Bill Rancic Defends His Wife Giuliana After Fashion Police Controversy: 'I Tried to Get Them to Release the Footage' 42 years, 2,191 covers and 55,436 stories from PEOPLE magazine's history for you to enjoy
- Climate Change Champion Leonardo DiCaprio Visits NASA Goddard to Research for Upcoming Documentary
- Read the Cover Story: Prince, 1958-2016
- Marc Anthony Shares His Parenting Regrets, Wishes He Could Have Been Present in Kids Lives
- The Sun-Shielding Makeup That Will Save Your Skin This Summer
- Missing Florida Teens Lost at Sea Were Spotted Multiple Times, Claims New Report
On Newsstands Now
- Matthew McConaughey: In His Own Words
- Jessa Duggar's Wedding Album
- Brittany Maynard's Final Days
Pick up your copy on newsstands
Click here for instant access to the Digital Magazine
People Top 5
LAST UPDATE: Tuesday February 10, 2015 01:10PM EST
PEOPLE Top 5 are the most-viewed stories on the site over the past three days, updated every 60 minutes
- April 08, 1974
- Vol. 1
- No. 6
Frank Howard's Small New World
Now, at 37, the fading Gulliver has arrived in his Lilliput. Released last fall by the Detroit Tigers after an undistinguished season as their designated hitter, Howard has caught on with the floundering Taiheiyo Lions of Japan's Pacific League. He's not the first former U.S. big-leaguer to try to prolong his career in Japan—Joe Pepitone, Dick (Dr. Strangeglove) Stuart, and the Dodgers' Wes Parker and Jim Lefebvre are among those who have gone the same route before him. But big Frank is far and away the most incongruous. Towering over his Japanese teammates—he looks like a Little League manager on the field—Howard has been an instant spring training sensation. Busloads of fans swarmed about the mammoth American as he laboriously worked himself into shape. "Dekkai (big)!" they murmured disbelievingly, and followed raptly in his size 13 tracks.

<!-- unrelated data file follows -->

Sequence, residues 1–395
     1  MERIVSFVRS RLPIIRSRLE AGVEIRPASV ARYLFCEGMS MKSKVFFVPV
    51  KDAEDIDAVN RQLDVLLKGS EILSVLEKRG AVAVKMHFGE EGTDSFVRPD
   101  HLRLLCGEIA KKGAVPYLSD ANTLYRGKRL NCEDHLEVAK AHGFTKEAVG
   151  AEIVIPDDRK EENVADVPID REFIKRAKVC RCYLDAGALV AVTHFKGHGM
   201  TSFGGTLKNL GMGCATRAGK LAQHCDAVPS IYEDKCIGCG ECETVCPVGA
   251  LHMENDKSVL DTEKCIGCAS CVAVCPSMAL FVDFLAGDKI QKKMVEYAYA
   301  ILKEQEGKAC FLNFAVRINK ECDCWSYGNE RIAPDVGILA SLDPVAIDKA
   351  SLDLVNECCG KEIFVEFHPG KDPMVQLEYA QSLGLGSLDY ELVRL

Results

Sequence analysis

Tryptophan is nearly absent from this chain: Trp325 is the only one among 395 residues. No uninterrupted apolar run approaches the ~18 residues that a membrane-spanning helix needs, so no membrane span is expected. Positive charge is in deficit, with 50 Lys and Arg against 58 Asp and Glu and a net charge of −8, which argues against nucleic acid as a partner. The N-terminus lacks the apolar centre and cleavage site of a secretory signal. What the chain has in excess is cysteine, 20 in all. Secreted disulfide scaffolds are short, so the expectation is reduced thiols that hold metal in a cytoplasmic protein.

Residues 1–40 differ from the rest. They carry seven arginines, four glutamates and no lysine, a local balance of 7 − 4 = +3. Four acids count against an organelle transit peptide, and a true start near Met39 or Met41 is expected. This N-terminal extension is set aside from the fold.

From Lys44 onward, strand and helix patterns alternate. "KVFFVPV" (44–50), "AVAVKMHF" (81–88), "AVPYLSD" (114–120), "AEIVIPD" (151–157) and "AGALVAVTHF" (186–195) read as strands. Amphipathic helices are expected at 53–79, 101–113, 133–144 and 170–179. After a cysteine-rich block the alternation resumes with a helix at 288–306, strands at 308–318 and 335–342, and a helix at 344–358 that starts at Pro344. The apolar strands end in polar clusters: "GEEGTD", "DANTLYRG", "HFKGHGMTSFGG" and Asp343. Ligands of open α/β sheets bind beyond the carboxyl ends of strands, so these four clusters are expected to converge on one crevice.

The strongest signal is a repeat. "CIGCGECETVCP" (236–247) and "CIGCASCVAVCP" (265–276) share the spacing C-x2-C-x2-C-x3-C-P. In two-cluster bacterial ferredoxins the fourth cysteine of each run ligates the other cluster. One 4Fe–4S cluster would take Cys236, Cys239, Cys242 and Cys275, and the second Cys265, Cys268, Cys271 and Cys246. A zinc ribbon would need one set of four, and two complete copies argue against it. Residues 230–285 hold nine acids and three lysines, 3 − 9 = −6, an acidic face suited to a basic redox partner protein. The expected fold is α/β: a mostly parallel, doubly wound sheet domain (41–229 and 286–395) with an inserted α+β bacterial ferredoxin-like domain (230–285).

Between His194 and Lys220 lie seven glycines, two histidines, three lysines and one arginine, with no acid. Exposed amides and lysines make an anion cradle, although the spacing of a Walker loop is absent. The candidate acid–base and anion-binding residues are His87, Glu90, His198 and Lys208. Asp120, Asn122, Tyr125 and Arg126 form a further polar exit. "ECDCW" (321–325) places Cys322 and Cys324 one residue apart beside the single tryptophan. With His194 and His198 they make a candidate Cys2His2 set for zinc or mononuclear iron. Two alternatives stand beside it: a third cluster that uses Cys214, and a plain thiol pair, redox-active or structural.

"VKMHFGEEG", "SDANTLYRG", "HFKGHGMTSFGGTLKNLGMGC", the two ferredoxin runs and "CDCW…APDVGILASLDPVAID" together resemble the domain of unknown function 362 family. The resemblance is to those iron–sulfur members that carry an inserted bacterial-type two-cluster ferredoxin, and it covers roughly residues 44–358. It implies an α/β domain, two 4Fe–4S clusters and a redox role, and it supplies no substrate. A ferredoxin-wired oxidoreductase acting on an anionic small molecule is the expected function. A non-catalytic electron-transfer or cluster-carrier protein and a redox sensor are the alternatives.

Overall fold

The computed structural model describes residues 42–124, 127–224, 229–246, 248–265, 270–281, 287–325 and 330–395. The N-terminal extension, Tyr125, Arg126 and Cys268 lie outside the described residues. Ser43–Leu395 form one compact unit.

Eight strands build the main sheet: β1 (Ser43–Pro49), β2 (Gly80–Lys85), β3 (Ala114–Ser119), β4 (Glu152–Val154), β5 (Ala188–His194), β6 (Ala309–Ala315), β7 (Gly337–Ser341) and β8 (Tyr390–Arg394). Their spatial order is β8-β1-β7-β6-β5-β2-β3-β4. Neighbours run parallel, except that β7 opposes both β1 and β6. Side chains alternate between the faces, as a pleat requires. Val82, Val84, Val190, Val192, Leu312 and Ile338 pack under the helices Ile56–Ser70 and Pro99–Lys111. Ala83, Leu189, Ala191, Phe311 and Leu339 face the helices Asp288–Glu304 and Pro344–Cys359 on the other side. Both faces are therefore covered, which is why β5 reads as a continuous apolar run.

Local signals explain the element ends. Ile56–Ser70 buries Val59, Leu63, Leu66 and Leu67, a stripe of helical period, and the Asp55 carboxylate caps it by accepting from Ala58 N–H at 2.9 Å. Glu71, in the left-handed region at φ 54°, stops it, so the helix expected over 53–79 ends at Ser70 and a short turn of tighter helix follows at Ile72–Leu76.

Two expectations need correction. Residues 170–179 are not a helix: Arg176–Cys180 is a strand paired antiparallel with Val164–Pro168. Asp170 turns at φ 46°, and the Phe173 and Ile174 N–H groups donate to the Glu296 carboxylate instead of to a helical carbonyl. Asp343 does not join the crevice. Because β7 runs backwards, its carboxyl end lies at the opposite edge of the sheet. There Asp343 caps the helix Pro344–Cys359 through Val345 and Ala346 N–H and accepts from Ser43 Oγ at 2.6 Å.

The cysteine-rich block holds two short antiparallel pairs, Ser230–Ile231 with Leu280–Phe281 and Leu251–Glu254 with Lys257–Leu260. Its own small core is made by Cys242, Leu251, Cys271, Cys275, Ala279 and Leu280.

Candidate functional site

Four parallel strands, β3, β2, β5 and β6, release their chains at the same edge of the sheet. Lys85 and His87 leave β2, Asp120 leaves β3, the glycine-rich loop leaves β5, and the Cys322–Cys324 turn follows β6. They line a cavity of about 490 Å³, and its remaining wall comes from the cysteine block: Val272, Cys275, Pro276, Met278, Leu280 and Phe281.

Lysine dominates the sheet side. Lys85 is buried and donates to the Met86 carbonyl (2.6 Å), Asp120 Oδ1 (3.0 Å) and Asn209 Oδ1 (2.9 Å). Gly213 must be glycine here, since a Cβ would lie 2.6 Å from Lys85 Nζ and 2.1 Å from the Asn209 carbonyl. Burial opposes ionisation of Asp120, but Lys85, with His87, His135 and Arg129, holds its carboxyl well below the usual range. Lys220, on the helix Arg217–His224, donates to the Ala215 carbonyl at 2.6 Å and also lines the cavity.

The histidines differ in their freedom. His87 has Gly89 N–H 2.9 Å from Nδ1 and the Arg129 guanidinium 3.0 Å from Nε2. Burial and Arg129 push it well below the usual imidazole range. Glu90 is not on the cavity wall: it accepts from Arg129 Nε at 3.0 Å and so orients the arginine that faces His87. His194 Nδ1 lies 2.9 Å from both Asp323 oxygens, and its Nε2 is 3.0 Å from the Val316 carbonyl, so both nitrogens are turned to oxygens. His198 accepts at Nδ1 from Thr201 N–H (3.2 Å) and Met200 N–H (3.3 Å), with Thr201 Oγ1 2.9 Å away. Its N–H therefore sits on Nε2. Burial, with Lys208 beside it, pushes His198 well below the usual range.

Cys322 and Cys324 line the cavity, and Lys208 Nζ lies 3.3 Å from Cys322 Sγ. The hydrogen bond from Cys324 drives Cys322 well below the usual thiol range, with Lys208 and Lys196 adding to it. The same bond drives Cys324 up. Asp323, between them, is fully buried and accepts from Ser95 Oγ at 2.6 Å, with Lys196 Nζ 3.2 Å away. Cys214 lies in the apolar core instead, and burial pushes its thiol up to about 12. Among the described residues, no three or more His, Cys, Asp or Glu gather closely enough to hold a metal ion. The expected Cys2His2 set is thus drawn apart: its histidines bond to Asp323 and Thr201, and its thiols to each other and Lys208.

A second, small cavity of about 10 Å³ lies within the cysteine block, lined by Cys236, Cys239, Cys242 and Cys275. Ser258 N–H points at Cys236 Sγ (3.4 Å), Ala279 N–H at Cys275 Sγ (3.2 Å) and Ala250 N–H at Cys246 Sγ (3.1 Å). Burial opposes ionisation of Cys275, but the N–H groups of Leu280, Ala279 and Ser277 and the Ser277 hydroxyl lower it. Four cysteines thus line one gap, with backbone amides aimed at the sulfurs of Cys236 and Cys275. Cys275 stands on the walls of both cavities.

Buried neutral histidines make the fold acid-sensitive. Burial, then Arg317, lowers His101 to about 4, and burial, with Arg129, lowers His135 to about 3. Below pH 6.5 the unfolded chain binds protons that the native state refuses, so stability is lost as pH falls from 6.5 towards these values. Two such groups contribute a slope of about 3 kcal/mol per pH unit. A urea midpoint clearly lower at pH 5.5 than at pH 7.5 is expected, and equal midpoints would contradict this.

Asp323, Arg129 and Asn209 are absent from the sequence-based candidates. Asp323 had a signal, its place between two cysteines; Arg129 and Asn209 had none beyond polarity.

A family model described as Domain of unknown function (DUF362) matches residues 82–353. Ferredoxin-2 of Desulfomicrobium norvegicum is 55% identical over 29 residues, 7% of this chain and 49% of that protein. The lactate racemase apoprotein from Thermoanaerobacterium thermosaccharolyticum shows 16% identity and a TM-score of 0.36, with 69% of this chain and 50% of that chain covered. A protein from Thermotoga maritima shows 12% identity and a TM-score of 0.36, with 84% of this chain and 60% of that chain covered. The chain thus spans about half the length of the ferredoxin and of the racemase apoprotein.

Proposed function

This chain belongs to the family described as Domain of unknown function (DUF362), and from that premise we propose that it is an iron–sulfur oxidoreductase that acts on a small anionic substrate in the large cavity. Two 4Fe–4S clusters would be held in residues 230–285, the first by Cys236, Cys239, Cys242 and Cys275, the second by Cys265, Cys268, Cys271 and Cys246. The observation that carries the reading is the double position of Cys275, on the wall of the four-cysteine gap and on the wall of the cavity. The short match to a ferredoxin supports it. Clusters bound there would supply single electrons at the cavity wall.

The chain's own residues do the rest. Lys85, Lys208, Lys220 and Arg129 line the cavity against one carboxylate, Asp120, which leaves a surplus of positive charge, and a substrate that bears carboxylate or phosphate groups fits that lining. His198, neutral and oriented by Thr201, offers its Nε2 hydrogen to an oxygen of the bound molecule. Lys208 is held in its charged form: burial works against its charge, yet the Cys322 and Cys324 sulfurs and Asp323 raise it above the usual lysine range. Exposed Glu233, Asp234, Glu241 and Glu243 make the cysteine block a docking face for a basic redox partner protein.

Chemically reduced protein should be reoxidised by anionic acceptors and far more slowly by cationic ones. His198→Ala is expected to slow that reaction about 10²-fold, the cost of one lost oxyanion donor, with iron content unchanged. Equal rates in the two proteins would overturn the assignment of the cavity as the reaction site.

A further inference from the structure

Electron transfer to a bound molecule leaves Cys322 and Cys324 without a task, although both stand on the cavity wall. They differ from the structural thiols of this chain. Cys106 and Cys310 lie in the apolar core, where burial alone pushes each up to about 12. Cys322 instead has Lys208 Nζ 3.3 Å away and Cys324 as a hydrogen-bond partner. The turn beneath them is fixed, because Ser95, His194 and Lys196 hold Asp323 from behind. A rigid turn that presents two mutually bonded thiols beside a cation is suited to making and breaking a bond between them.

Off the field Howard has difficulty prying himself in and out of diminutive Japanese taxis, and he confesses to being a little homesick. His wife and children won't arrive until June. Otherwise, he's delighted with most things Japanese. As for the food, he's exquisitely tactful. "I've had tempura and sukiyaki, and I must say I love them all," says Howard, always a prodigious trencherman. "The raw fish? No, I haven't tried it yet."
Whether Howard's skills have kept pace with his appetite, however, is not yet resolved. He impressed his teammates by blasting two consecutive home runs out of the stadium during an early workout, but later strained his back in cold weather. Howard himself is making no rash predictions. "I'm 38 this August," he explains, "and I'm at the stage of the game where I have to decide my career from year to year." For the moment, however, he's an obliging celebrity. He has shown photographers how he sleeps—on two Japanese-sized beds pushed together; explained to Japanese ladies that he needs three times as much material as normal for his yukata, the native pajama; and even awed the kids when he pedaled a tiny bicycle around the stadium. Lesser men might grow queasy before such open-mouthed scrutiny, but Howard seems unflustered. "Sure they gawk at me here," he says. But that doesn't bother me. I've been gawked at most of my life."
Treat Yourself! 4 Preview Issues
The most buzzed about stars this minute!